Admirers of Into the Woods rarely have to wait long between productions of the popular 1987 revisionist fairy-tale musical by Stephen Sondheim and James Lapine. But aficionados are unlikely to find two more radically juxtaposed approaches to the material than Rob Marshall‘s picturesque and lushly orchestrated all-star Disney film, which opened in December, and this pared-down reimagining by the inventive Fiasco Theater troupe, being presented off-Broadway by Roundabout Theatre Company.
With a single upright piano serving as the principal accompaniment, and a vast stash of bric-a-brac props that appear to have been looted from thrift stores, the production scores higher on story-theater ingenuity than emotionality, sacrificing some of its heart to smartypants cleverness. Its ten castmembers seem a tad too pleased with themselves as they knock holes in the fourth wall. But they also wrestle with the musical’s complex tangle of themes with clarity and humor, exploring the twisty, sometimes frightening path that takes us from wishing and wondering to growing and knowing.
Derek McClane‘s set design is a thing of beauty, festooned with 15 mismatched chandeliers that add to the suggestion of a patchwork production assembled out of found objects. Framed by a maze of piano parts with a rear-wall web of strings, which lighting designer Christopher Akerlind paints in green to evoke the sylvan setting, the stage is a literal encapsulation of the role of music in storytelling. But given the highly variable skill of the cast’s musicianship and vocal ability, this production makes no claims to be the most perfectly played or sung Into the Woods you’ll ever see.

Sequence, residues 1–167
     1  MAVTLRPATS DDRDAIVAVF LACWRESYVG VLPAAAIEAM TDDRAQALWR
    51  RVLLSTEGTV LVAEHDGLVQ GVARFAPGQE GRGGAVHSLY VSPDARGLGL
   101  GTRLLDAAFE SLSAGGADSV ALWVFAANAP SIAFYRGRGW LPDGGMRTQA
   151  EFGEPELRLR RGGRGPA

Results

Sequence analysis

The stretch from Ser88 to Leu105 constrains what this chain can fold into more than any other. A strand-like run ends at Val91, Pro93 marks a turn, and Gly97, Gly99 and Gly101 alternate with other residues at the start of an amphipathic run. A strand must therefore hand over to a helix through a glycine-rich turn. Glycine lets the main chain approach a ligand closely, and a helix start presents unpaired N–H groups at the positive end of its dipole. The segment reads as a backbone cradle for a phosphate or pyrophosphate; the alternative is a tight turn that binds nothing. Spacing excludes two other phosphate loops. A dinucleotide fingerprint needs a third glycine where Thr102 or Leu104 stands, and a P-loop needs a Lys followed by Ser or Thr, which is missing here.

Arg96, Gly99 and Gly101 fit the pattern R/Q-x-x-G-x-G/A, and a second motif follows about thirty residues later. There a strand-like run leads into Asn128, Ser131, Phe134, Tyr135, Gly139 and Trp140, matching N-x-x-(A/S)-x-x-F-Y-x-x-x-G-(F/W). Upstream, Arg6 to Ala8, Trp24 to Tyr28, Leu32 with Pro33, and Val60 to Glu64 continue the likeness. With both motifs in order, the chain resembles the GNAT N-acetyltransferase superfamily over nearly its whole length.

Read more ‘Into the Woods’: Film Review
Musical director Matt Castle does yeoman’s work at the piano, and the actors pitch in on cello, bassoon, French horn, trumpet, guitar, banjo, xylophone, autoharp, toy piano and cowbell, often functioning like foley artists on a radio play. The layers of meaning and wit in Sondheim’s songs come through loud and clear. But while the illusion of a ramshackle company getting together to spontaneously enact a story has its appeal, it’s a bit like a school musical staged by wannabe Wes Andersons, with a surfeit of whimsy at the expense of depth.
The show’s co-directors, Noah Brody and Ben Steinfeld, both appear in the multitasking cast. Brody plays the Wolf, one of Cinderella’s Stepsisters and also her Prince in a particularly dexterous feat of mid-scene role-juggling. Steinfeld takes the central part of the Baker, whose quest to reverse the Witch’s curse, preventing him and his wife from having children, drives the plot. He does a lovely job on the plaintive “No More,” sung with the Baker’s morally slippery father (Paul L. Coffey), which was perhaps the most notable musical casualty of Marshall’s film.